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Breastfeeding Challenges: Understanding Common Issues and How to Overcome Them

Breastfeeding Challenges: Understanding Common Issues and How to Overcome Them

Whether you’re a parent or an expectant mother, it’s safe to assume that many of your concerns revolve around feeding your new little one. Some people can breastfeed their newborns from the moment they first see them, but for others, challenges arise that may last for some time. With as much knowledge as there is about what advantages breast milk has over formula and the risks associated with bottle-feeding your baby, challenges to breastfeeding are more common than you might think. If you’re on the fence about whether it’s worth going through the hassle of nursing your child instead of using a formula, these common challenges should help you decide sooner rather than later.


Don’t Breastfeed Until Your Baby Can Drink From a Cup

There’s no denying that breastfeeding offers many health benefits over formula, but it’s also a very intimate experience that can’t be rushed. Similarly, if you’re struggling with a baby who isn’t ready to take a bottle, you won’t be able to produce enough milk to meet their needs. This is why it’s important to start breastfeeding your baby as soon as they’re born. If you’re breastfeeding exclusively and your baby isn’t drinking enough breast milk, you can speak with your doctor about the best ways to increase your supply. Some moms find that taking a break from breastfeeding and pumping their breasts with a pump (while allowing the milk to return to its original concentration) can help them increase their production.

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You Don’t Produce Enough Breast Milk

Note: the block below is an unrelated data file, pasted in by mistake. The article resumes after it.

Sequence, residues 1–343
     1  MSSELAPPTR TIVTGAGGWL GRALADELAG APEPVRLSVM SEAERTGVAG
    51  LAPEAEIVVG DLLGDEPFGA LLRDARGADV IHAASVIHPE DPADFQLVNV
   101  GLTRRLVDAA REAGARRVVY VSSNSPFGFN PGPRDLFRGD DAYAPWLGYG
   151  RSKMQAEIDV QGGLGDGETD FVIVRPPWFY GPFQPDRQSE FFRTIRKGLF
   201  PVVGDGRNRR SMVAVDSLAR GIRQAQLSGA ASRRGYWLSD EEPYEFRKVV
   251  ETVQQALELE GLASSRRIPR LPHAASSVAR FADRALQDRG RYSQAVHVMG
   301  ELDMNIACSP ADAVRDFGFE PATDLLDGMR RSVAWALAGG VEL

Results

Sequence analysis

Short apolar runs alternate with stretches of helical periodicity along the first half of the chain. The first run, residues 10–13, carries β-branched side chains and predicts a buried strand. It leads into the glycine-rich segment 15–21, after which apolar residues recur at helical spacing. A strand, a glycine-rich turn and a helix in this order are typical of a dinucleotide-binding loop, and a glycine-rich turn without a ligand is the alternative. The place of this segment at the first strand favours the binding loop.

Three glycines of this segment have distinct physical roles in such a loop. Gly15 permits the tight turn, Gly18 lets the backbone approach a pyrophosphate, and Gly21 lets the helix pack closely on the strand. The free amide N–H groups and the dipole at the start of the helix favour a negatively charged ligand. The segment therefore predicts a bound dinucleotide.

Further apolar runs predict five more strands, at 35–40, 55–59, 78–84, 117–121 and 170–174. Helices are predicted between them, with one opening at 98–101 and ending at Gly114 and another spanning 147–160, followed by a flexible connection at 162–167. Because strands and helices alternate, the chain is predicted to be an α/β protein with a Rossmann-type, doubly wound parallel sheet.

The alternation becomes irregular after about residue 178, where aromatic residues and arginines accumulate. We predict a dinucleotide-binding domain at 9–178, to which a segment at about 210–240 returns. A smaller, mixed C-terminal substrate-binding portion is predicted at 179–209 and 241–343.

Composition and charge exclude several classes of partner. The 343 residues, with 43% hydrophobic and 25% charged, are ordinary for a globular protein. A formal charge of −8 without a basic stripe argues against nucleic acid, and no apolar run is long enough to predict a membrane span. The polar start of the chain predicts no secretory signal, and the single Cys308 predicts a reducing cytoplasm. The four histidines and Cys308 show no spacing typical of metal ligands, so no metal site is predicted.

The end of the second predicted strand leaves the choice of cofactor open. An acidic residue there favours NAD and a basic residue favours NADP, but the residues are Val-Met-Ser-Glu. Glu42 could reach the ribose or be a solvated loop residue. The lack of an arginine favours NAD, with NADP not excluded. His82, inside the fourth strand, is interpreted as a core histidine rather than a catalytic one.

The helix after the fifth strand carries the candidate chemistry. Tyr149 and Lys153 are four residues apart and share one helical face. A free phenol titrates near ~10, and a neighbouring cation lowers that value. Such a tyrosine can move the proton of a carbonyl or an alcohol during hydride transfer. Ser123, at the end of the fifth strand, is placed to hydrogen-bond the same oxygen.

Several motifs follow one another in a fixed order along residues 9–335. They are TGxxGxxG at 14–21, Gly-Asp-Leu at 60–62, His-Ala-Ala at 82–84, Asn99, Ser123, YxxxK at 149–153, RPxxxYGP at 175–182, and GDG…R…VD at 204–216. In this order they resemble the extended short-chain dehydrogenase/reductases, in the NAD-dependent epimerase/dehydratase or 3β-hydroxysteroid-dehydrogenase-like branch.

It’s common to encounter this challenge in the first few weeks of breastfeeding. You might find that you need to supplement your baby’s diet with formula or other foods/drinks because you’re not producing enough milk to feed them adequately. While it may seem frustrating, you should be grateful that you can produce enough breast milk for your baby. If you’re struggling with a low milk supply, most experts recommend taking some time off from breastfeeding and doing things that will relax you. Eating a healthy diet and getting plenty of rest will help you relax your body so that it’s better to produce breast milk when you return to feeding your child.


The Baby Shows No Interest in Nursing

Sometimes, even if you’re producing plenty of breast milk, your baby isn’t interested in it. If you’ve already tried several methods to get your baby to drink more breast milk, it may be time to figure out why they’re not interested. Breastfeeding experts recommend speaking to your doctor if this is a longstanding issue or your baby isn’t gaining weight. A physical exam may be able to pinpoint any underlying issues that are keeping your baby from drinking breast milk. If your baby isn’t interested in breastfeeding, there are things you can do to entice them. First, try adding a few drops of your favorite food to the bottle, so your baby associates the smell/taste with the breast milk. Try making your baby’s bedtime bottle a special treat by adding a few drops of lavender oil (the smell is commonly used for baby-calming purposes).